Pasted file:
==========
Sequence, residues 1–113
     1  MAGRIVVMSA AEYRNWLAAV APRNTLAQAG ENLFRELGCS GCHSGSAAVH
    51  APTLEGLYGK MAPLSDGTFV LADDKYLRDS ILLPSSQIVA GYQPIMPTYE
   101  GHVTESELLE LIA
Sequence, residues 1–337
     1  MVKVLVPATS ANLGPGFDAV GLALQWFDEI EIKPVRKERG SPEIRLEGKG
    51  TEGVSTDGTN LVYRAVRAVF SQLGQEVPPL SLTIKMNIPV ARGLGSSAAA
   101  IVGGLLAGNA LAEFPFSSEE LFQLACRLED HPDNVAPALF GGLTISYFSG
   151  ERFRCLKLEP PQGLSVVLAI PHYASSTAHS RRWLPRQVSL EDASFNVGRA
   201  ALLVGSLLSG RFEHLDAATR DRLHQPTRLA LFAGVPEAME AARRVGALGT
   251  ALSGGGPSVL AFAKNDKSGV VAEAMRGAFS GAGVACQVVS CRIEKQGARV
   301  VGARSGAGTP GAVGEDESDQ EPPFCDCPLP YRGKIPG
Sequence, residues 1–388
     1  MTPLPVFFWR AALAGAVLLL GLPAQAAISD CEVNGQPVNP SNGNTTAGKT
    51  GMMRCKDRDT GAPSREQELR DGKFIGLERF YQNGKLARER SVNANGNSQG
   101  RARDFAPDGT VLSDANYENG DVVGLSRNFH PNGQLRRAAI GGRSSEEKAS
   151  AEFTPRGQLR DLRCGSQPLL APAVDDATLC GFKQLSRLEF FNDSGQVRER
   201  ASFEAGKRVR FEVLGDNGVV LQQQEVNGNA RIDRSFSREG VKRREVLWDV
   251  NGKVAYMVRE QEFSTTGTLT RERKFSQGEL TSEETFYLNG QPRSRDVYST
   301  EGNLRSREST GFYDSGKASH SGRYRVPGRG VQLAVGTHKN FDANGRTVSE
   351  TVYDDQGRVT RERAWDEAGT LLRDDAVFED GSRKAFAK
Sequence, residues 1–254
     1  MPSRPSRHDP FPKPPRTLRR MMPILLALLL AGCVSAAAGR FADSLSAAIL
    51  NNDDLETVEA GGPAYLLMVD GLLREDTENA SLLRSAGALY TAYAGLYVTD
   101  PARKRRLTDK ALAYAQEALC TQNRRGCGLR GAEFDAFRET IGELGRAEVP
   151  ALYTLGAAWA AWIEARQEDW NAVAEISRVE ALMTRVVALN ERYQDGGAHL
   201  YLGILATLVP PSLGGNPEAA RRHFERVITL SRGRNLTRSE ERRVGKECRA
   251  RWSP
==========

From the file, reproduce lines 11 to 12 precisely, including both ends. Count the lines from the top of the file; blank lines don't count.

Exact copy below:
   251  ALSGGGPSVL AFAKNDKSGV VAEAMRGAFS GAGVACQVVS CRIEKQGARV
   301  VGARSGAGTP GAVGEDESDQ EPPFCDCPLP YRGKIPG